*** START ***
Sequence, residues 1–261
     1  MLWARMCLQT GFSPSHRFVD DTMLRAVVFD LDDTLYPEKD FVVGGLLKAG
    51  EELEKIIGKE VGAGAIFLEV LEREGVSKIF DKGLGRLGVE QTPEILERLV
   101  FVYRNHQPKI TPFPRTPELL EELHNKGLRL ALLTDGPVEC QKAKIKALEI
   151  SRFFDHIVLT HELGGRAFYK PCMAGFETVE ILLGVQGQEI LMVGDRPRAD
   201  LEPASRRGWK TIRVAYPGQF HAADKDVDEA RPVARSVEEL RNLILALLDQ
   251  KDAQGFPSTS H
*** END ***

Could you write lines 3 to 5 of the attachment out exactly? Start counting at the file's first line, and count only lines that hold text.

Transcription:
    51  EELEKIIGKE VGAGAIFLEV LEREGVSKIF DKGLGRLGVE QTPEILERLV
   101  FVYRNHQPKI TPFPRTPELL EELHNKGLRL ALLTDGPVEC QKAKIKALEI
   151  SRFFDHIVLT HELGGRAFYK PCMAGFETVE ILLGVQGQEI LMVGDRPRAD